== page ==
Weekly Who is taking a break this week so we can present to you this fantastic recap of last weekend's Gallifrey One convention. Enjoy!
Friday evening, and the opening ceremonies of the twenty-second Gallifrey One Doctor Who convention are well underway. The lights dim, the music goes up, and on screen we see the Savoy Theatre, home of the West End production of Legally Blonde. And then there’s Peter Davison, the Fifth Doctor himself, in his dressing room at the Savoy, addressing the camera with a confident smile and a deliberate touch of déjà vu; last year, Davison couldn’t make it to Gallifrey One after taking the Legally Blonde role, and he sent a witty, amusingly self-deprecating video by way of apology.
Of course, we all know he’s here—we saw him, Janet Fielding (Tegan Jovanka), and Sarah Sutton (Nyssa) earlier in the day at a panel on audio drama acting. But only a true crank would fail to enjoy the funny little drama that unfolds: Davison suddenly discovers that he’s meant to be in LA in a matter of hours and dashes madly off to Heathrow, brushing off an autograph request from Freema Agyeman along the way; he misses his flight (“Bugger!”) and dejectedly takes a cab back to central London—a cab already occupied by an indignant David Tennant.
But. Where should he find himself but the Olympia, the home of the newly-opened Doctor Who Experience! And what’s a Doctor to do but to hijack the TARDIS and set the coordinates for Los Angeles, California?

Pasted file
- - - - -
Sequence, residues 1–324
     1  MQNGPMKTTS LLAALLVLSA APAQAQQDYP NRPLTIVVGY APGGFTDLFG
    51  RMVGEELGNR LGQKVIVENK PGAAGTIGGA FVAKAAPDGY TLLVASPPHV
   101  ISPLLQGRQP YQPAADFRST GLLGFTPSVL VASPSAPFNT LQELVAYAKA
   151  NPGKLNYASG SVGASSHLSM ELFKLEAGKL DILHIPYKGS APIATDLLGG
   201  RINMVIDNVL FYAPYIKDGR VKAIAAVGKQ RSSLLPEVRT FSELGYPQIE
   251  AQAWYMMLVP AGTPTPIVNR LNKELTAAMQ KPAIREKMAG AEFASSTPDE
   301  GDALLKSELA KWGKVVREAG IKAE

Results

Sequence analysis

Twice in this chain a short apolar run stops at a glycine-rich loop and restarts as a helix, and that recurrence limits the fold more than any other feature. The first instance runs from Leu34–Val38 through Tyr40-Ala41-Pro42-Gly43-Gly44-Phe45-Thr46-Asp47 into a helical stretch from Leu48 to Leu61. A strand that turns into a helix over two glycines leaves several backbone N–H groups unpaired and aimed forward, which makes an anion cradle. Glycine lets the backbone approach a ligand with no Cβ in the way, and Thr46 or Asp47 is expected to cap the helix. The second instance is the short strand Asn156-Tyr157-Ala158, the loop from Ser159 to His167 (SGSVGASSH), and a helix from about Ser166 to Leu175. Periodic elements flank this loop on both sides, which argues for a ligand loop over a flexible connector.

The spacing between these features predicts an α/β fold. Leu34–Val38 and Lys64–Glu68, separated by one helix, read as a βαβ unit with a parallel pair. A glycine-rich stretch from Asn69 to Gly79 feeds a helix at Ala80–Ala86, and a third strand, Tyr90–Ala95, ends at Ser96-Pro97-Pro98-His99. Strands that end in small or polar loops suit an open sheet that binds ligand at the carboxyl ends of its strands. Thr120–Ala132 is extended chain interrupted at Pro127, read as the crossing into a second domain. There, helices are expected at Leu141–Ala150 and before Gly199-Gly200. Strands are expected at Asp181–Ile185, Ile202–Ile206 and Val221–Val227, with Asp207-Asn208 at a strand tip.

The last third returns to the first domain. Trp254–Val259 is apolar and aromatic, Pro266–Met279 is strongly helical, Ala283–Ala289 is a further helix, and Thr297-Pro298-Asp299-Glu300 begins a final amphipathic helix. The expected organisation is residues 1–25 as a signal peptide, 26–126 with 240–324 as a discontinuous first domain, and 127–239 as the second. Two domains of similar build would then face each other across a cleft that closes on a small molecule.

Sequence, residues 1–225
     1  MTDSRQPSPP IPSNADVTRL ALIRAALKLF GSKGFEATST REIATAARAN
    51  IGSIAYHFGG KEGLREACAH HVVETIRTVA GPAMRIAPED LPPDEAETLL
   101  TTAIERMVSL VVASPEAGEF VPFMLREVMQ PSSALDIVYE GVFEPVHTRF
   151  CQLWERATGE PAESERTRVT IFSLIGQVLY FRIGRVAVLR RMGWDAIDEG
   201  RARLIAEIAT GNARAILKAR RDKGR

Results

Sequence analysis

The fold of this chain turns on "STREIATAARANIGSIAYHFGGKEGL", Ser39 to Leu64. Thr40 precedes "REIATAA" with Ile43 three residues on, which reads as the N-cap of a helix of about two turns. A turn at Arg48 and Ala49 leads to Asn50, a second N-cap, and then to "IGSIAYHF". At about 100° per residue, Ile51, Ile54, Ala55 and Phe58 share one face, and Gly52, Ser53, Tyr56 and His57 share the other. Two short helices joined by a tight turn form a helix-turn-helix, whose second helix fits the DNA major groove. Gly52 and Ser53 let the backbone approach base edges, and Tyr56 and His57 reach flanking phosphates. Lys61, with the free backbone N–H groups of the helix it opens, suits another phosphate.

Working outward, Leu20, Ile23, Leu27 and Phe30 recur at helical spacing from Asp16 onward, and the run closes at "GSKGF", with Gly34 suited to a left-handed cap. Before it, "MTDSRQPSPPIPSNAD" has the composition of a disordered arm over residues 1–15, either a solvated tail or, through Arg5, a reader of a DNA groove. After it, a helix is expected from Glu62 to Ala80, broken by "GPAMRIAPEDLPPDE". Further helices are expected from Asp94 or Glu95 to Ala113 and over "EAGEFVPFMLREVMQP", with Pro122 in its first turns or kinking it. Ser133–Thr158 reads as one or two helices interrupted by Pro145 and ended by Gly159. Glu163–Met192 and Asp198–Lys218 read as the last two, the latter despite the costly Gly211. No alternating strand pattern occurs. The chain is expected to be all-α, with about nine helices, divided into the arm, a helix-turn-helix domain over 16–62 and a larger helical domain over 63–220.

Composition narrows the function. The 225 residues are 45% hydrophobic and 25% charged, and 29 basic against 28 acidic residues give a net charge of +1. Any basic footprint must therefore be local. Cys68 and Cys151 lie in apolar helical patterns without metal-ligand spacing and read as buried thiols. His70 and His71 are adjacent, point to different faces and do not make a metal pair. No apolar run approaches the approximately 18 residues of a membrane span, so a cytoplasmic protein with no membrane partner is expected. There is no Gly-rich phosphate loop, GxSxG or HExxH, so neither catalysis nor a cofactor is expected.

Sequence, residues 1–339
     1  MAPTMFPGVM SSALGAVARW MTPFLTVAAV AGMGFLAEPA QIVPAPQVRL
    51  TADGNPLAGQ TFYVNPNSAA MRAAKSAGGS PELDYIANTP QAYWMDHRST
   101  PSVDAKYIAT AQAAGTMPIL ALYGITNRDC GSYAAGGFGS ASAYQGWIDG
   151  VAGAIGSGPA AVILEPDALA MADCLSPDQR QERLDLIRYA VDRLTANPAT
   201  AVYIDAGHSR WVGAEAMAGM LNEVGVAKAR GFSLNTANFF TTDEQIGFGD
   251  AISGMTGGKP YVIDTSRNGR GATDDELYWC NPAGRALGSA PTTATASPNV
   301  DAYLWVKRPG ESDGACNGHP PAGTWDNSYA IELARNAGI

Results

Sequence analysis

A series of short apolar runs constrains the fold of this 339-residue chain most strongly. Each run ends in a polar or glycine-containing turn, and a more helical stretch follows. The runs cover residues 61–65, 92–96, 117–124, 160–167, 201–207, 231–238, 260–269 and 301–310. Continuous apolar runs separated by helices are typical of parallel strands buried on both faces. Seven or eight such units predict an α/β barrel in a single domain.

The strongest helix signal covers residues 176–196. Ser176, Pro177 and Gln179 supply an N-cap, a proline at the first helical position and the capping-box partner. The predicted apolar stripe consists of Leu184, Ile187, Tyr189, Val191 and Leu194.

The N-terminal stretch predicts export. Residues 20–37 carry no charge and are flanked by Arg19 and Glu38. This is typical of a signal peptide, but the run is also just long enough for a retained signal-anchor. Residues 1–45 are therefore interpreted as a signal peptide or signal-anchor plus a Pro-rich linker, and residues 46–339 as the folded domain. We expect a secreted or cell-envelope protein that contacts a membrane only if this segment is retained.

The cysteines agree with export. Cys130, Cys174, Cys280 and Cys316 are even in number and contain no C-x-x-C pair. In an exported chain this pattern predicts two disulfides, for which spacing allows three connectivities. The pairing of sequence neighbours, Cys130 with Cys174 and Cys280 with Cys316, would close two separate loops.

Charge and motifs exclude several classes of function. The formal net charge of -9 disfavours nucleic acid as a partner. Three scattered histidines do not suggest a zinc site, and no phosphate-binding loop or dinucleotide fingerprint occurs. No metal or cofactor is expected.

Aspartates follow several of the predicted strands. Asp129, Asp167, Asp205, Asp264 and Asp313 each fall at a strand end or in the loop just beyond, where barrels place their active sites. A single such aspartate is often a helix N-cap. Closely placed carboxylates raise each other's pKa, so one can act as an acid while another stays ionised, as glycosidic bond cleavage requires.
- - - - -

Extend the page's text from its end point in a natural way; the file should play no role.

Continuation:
The auditorium fills with the vworp-vworp-vworp of the TARDIS that we all know and love; the lights come up, and Peter Davison emerges from the TARDIS parked on the stage.
The audience surges to its feet and roars.
Gallifrey One began in 1989 as a convention exploratory committee with the Time Meddlers of Los Angeles, and the first convention was held in 1990. The size of the convention has waxed and waned with the fortunes of the show, but since the re-launch of Doctor Who in 2005, it’s been nothing but up. Last year, total attendance hit a new record of 1,595, and the record was handily beat this year with over 2,000 attendees. The con now takes over the entire LAX Marriott basement.
As big as the convention has grown—big enough to attract the attention of avowed Doctor Who fan and Late Late Show host Craig Ferguson, who sent Chris Hardwick to the convention on Saturday in his best Tenth Doctor costume and with a camera crew in tow—it still has a “hey kids, let’s put on a show!” feeling. There’s not always someone who knows how to run the AV equipment in the panel rooms, and some rooms that should be mic’d, aren’t. But unlike, say, certain largely-for-profit conventions, the fact that Gallifrey One is a fan-run, for-the-love-of-it convention is what makes it great.
The guest Q&A sessions are the main attraction, and the headliners—Peter Davison in particular—really pack the room. During Peter Davison’s solo panel, it’s clear from the #gally hashtag on Twitter that not everyone is pleased with Davison and unexpected guest Janet Fielding taking a side-trip into the history of the Ashes cricket tournament, but on the other hand, there’s Davison telling stories about the unexpected lessons in 1930s veterinary medicine gleaned from his time on All Creatures Great and Small. He’s an exceptionally winning guest all around, possessed of a dry, snarky sense of humor and a solid awareness of what it is to be a jobbing actor—he’s a Michael Caine of British TV: hardworking, in everything and never less than good, and who one must remember to not take for granted.